Members of the Riley County Law Board thwarted an RCPD effort to restructure its approach to insurance coverage Monday.
Instead, law board members directed the department to issue formal requests for proposals from companies that might be interested in providing insurance. It also stipulated that inclusion of other “high-risk” occupations — including the city’s own fire department — might be considered.
The directive reversed a 2010 law board directive empowering RCPD Director Brad Schoen to “handle all matters as they relate to entering into insurance contracts that are in the best interest of RCPD.”
The proposal presented by Schoen at Monday’s meeting called for restructuring all of the department’s coverage through Assurance Partners of Salina. He told board members he identified that firm because it had developed the most comprehensive approach to reducing the number of health-related claims, and also because it would be more cost-efficient.
He said about 70 percent of the department’s injury-related problems occur during training or physical testing, rather than during actual on-duty situations, and said that Assurance Partners had been the only firm identified by departmental higher-ups that could structure a plan to reduce those types of injuries.
Assurance Group has provided workers comp and property insurance coverage for the department for several years. However the department’s health insurance and medical reimbursement plans have been handled through Keating and Associates. Schoen’s recommendation would have consolidated all those at Assurance Partners.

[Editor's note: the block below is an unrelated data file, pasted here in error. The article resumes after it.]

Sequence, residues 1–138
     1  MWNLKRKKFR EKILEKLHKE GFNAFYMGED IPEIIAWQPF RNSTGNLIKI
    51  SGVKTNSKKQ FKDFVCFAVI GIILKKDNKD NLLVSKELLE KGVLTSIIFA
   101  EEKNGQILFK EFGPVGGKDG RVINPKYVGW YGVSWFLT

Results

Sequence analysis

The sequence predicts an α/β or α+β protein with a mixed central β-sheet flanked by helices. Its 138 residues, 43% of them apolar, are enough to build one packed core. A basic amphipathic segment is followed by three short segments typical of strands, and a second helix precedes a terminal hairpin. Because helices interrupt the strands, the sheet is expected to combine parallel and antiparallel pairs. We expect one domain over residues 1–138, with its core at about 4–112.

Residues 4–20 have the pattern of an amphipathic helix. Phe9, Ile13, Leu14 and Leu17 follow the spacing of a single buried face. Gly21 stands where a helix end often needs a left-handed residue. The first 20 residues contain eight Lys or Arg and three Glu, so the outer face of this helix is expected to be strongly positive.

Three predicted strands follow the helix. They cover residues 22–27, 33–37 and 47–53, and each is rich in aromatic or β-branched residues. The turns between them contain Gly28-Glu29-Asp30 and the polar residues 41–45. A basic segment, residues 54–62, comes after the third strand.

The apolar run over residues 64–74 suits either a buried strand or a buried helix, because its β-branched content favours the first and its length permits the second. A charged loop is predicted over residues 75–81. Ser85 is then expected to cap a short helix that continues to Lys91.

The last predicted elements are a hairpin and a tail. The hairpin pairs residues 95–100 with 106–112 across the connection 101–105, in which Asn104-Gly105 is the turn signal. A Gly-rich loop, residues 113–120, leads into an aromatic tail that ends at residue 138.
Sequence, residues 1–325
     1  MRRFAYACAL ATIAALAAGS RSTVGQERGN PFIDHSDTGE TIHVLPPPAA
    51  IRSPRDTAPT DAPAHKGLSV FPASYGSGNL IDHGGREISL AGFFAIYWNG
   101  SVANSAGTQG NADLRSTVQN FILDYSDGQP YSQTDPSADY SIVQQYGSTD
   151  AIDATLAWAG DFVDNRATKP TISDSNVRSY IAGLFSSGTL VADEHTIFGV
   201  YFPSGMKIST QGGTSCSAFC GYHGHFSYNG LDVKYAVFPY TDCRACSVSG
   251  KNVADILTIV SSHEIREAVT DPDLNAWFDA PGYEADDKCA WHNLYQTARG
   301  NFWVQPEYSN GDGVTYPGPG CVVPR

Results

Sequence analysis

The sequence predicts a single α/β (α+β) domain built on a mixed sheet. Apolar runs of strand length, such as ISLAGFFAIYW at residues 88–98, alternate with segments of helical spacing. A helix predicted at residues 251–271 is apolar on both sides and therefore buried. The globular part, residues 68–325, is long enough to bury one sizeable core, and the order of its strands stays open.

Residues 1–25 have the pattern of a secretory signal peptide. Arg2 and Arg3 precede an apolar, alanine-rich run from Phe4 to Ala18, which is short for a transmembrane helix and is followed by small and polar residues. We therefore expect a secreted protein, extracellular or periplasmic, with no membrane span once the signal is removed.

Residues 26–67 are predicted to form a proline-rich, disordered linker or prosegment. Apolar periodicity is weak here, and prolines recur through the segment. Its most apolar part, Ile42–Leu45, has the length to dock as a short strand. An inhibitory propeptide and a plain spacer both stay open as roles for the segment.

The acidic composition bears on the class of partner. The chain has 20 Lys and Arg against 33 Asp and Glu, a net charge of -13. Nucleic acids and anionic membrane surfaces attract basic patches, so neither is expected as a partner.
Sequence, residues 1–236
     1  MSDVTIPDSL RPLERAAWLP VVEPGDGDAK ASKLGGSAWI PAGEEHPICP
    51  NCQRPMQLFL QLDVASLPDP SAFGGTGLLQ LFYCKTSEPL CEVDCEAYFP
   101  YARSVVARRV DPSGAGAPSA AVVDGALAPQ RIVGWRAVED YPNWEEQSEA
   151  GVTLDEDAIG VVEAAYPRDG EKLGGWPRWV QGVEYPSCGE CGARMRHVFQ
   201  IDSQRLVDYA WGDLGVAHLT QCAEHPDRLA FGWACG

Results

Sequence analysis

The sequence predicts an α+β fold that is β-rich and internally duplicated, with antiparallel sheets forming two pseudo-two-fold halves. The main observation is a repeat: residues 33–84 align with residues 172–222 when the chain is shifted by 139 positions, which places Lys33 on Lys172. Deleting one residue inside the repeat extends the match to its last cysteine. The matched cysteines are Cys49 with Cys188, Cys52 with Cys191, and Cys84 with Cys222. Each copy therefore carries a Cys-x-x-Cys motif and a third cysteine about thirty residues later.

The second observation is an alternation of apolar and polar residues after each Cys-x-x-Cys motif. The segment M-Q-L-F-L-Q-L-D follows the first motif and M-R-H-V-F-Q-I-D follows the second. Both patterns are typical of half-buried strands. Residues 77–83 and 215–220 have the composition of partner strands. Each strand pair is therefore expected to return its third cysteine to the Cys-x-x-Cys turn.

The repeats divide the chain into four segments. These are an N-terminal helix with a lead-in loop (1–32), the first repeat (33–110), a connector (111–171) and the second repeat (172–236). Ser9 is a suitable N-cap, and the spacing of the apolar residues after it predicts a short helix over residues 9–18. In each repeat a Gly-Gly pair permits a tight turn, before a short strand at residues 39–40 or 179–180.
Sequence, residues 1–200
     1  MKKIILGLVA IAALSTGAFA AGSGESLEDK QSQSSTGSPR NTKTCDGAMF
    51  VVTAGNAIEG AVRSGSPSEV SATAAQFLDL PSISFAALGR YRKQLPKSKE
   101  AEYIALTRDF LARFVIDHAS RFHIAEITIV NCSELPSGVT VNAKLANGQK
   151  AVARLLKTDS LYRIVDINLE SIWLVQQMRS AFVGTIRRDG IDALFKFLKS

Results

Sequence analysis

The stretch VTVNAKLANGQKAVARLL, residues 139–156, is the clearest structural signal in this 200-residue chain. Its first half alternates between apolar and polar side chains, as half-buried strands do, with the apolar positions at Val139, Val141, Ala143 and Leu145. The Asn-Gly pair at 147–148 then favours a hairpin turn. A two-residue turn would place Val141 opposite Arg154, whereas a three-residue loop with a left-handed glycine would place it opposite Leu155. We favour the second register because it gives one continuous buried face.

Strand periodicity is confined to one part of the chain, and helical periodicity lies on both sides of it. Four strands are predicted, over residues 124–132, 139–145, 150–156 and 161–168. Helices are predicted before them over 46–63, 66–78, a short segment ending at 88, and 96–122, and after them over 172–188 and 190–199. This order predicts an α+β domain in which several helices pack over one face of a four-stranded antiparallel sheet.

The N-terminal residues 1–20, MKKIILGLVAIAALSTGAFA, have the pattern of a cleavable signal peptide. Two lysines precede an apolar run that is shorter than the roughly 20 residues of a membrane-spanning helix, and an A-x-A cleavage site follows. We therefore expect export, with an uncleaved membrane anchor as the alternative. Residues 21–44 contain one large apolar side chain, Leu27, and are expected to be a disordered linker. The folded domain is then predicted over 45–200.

In a memo to the board sent out Monday morning, city manager Ron Fehr asked that they request the RFPs, and that’s what they did.
Law board member and city commissioner Rich Jankovich said Schoen’s proposal to consolidate health insurance-related services under Assurance Partners may be best, “but it’s not passing the transparency test.” Assistant city manager Lauren Palmer said requiring some sort of competitive process “is just smart.”
Schoen said his department heads felt that the fully researched the field of options before making the recommendation tat was considered Monday. What they were looking for, he said, was a firm offering both coverage and a means of controlling the types of injuries that those in high-stress, emergency service-related fields can be subject to, especially in training. “We found there really wasn’t anything out there,” he said. Assurance Partners, he said, was the one entity wiling to devise a comprehensive approach.
Some law board members wanted to delay action in order to research whether the RCPD proposal ought to be extended to agencies such as the Manhattan Fire Department. City commissioner and law board member Wynn Butler advocated exploring the idea of consolidating coverage for such agencies as part of the RFP process.